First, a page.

New York Lesson No. 333: Neighbors

New York has a lot to teach me about how to be a good neighbor.

The morning after a rather long night not long ago, I stopped in at the corner bodega near my office for a Diet Red Bull. It’s a disgusting way to wake up, but coffee makes me jittery sometimes.

After having been a customer for two years now, I enjoy a certain a mount of familiarity there. I’m just another regular from the neighborhood, but it’s nice to be recognized. New York is a small town when taken neighborhood by neighborhood. You can feel pretty anonymous on crowded streets of the Manhattan workday, but you’ve got your deli and your cleaners and your coffee shop, and before long, folks in those places start to smile at you for real.

As I entered, I nodded at the cashier.

“Eh, boss,” he said.

I set the can on the counter. “Two dollars?”

He turned to his boss. “Two? Two-fifty?”

The boss looked over at me. “For you,” he said, his face widening into a grin, “two dollars. Because you are the best in the neighborhood.”

It was just silly. Nothing, really. The price probably really is two dollars. But things like this never happened at the suburban grocery stores of my childhood. As an adult, I find I’m often embarrassed by hospitality and friendliness. Sometimes I want to be anonymous.

I was raised a “bad” neighbor. Nothing against my parents; we just didn’t mix much with other the other families people living complete, unannounced lives across the yard and on the other side of the street. It just never came up. They were they; we were we. In the suburbs, our doors may have been unlocked, but our curtains were closed.

My mom occasionally availed herself to the babysitting talents of a few of the other moms when necessary, but even that limited interaction was short-lived. And it involved money. We were aware of the various divorces. (There was a mysterious rash of them in the mid-90s, as if families all through the neighborhood suddenly and simultaneously woke up from a dream.) I myself babysat for a few of the divorcées in the neighborhood. But we never had block parties. We never pooled our garage sales. The kids traveled in packs by day, but they returned to their quiet homes by night.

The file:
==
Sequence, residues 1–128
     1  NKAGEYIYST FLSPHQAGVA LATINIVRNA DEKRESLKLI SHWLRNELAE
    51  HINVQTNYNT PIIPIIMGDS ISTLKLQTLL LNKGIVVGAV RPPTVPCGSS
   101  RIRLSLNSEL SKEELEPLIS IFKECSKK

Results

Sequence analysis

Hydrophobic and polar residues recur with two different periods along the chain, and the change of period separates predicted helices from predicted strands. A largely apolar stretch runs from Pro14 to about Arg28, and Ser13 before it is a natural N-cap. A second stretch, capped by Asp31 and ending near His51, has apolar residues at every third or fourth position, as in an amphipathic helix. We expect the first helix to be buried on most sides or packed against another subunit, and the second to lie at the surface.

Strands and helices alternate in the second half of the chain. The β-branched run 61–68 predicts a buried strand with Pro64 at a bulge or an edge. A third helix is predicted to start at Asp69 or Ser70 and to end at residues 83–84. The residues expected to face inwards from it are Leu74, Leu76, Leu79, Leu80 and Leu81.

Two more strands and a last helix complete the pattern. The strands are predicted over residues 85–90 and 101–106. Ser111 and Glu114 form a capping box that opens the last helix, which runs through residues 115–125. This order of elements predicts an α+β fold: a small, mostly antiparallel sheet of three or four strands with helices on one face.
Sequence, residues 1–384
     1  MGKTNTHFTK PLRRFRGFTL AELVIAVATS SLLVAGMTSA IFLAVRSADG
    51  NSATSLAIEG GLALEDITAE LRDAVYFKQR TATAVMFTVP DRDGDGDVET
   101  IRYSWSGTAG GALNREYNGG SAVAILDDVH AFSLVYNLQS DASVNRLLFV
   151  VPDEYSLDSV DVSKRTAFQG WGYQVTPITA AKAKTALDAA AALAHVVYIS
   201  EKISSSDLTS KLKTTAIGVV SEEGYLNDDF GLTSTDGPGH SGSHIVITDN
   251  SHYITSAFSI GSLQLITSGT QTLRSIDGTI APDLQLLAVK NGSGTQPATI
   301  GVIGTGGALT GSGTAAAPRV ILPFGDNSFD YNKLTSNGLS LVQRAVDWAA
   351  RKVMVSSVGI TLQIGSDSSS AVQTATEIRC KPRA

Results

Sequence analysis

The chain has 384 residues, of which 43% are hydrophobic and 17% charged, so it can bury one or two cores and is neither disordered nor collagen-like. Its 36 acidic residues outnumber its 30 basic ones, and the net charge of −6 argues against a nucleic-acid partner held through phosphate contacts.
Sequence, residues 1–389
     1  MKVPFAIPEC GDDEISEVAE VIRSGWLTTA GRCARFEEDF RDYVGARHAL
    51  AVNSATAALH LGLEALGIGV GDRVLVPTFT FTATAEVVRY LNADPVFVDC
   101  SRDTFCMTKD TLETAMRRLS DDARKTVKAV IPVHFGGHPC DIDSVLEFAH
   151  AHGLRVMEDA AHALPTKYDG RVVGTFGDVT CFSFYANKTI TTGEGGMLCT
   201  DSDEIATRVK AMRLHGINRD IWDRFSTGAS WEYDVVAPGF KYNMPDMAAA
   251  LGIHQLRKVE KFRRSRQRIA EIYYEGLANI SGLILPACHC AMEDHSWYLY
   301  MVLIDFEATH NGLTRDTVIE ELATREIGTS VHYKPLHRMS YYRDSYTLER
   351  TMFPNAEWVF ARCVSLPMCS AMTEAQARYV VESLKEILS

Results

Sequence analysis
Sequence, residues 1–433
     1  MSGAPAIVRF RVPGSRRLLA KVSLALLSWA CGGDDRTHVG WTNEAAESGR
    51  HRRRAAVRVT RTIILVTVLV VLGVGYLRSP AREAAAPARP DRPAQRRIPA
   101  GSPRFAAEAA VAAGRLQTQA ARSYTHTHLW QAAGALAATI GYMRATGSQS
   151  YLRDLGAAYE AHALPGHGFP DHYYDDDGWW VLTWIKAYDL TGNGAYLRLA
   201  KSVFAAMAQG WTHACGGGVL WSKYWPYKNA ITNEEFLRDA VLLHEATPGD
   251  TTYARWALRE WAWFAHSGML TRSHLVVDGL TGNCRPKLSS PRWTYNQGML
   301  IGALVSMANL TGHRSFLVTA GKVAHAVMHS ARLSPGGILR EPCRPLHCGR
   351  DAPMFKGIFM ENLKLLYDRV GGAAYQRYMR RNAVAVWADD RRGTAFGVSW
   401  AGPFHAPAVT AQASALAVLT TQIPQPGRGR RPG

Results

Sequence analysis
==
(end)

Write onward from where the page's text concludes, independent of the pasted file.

My world didn’t extend far beyond those kids and whatever life-threatening mischief we could conjure in the woods that surrounded the subdivision. It certainly did not include my friends’ parents. Parents of other kids were, without exception, formidable and utterly foreign. They occasionally drove us places. And if you couldn’t avoid it, they would sometimes talk to you. But one was always quiet and still in their presence. One did not address them directly.

So now I find myself not talking to my neighbors. I see them in the laundry room, in the elevator, on the bus. I may smile or nod. I may hold a door. But do I ever talk to them about so much as the weather? Rarely. Sometimes I feel like I should, and other times I think, what’s the point? We live in the same building — so what? We don’t choose each other. But the people in your neighborhood — the barber, the goofy guys at the bodega, the lady in the bagel shop — there is some choice involved. We make these people part of our lives on purpose. Yet I stumble whenever my barber asks me something besides “How short do you want it?”

On the bus recently a guy standing right next said to a woman just boarding the stairwell, “Sorry, we don’t let opera singers on this bus.” She recognized him and laughed, and they began a conversation — on either side of me — about some show they were rehearsing. I was jealous of their neighborly familiarity. Minutes later, the bus driver accidentally blew past a stop and a little old lady in one of the seats near the front said to him, “Lenny, you forgot me.”

“Oh, sorry, dear,” he said. He stopped at the corner and let her out. The opera singers continued all the way to the last stop. I walked from the bus to the subway and continued my silent journey.


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